Posted by: The ocean update | January 30, 2016

One Injured as Salvors Attempt Tow of Ro/Ro (Bay of Biscay, France)

Photo credit : Salvamento Maritimo

Photo credit : Salvamento Maritimo

January 30th, 2016. The salvage team contracted for the recovery of the stricken ro/ro Modern Express has been temporarily removed from the vessel as heavy swells complicated their efforts Friday to establish a tow line.

The French Prefecture Maritime de l’Atlantique reported that the team boarded the ship at 1345 hours, and upon reaching the bow they were able to pass a line to the tug Centaurus. Swells of 12 to 15 feet meant that the two vessels were moving significantly relative to each other, and the motion parted the line.

One salvor reportedly suffered a minor injury during the effort. French authorities did not provide further details (Ed Sibylline : injury on his shoulder).

With nightfall approaching, at 1600 hours the team stopped work on the salvage and were taken from the ship by helicopter.

The vessel is presently 150 nautical miles off La Rochelle, France, drifting to the east at about one knot (Ed Sibylline : it is now 200 km off the coast, in front of Bordeaux and it’s progressing to 5km/h).

Response assets on scene include the response tug Abeille Bourbon, the frigate Primauguet, the pollution control vessel Arogonaute, and two tugs contracted by SMIT.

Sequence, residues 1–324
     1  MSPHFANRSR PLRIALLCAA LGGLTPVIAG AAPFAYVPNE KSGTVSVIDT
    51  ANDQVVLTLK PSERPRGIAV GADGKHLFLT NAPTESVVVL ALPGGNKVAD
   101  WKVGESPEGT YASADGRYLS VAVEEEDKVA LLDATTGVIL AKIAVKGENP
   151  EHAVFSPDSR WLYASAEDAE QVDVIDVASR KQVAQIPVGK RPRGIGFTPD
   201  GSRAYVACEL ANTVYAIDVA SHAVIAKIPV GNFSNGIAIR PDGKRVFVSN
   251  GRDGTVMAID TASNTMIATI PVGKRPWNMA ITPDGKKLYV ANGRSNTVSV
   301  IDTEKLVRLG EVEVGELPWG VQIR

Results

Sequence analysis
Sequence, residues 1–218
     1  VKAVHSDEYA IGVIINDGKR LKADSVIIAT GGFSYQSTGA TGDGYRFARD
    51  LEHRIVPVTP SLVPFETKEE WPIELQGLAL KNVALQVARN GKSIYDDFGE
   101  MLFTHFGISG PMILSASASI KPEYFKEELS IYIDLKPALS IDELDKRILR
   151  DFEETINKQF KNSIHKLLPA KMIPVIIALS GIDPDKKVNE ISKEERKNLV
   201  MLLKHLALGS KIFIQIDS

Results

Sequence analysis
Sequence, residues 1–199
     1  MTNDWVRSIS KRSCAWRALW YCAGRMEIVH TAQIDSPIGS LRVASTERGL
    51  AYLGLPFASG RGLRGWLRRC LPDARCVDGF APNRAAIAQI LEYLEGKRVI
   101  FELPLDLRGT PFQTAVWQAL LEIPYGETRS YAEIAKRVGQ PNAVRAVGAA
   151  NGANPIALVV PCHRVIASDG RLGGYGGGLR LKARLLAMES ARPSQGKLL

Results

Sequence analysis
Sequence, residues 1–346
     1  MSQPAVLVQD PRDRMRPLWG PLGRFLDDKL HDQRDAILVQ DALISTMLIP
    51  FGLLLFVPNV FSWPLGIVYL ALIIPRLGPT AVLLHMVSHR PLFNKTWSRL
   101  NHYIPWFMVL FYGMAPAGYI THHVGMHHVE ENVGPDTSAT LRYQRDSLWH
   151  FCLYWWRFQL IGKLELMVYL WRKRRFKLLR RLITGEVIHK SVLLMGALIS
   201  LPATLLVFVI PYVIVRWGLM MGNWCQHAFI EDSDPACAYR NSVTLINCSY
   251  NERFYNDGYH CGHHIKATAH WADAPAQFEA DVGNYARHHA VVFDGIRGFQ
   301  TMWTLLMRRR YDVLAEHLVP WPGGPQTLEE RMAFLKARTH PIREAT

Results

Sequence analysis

Spanish Coast Guard assets rescued the 22-member crew of the listing ro/ro on Tuesday evening and brought them safely ashore.

The Express issued a distress signal when she was 130 nm off Cape Ortegal, Galicia, in the British zone of SAR responsibility for the Bay of Biscay. The evacuation was carried out by Spanish authorities, who provided three helicopters and one patrol aircraft.

The Panama-flagged, 10,000 dwt Modern Express was under way from Gabon to Le Havre with cargo of “3,600 tons of wood in bundles and a dozen pieces of heavy machinery” at the time that she began to list, French authorities said.

The Express is owned by Cido Shipping and operated by European Roro Lines, a specialist in ro/ro cargo to West Africa from Northern Europe.


Ed Sibylline : we wonder what kind of wood this Ro/ro transports ? Illegal logging (see Illegal logging porta) has arisen from the gabonnaises forests… In addition, there is something suspect, as described by a specialist of freight :

Bruno L. : To my students I explain what is a Ro/ro… Transport of vehicles… ” drive outside, drive inside “. Roll on/roll off… In the courses of the hydro, and in the information moreover, except for some containers planned on the deck and in the standards of “cargo ships” fixations, etc., I have never seen a wooden transport, while certain bulk carriers plan it, holds are made for, but there, it was about an undocking of cargo very similar to the old bulk carriers… And in the press coverage, we see well the wood logs which ripent in the hold of a stricken Ro/ro… So, or the medias are wrong or the IMO’s standards (IMO : International Maritime Organisation) are not respected…

It’s why Sibylline Oceans asked to Conservation and Justice and Global Witness’s NGOs (wood is out of our field) what they think about…




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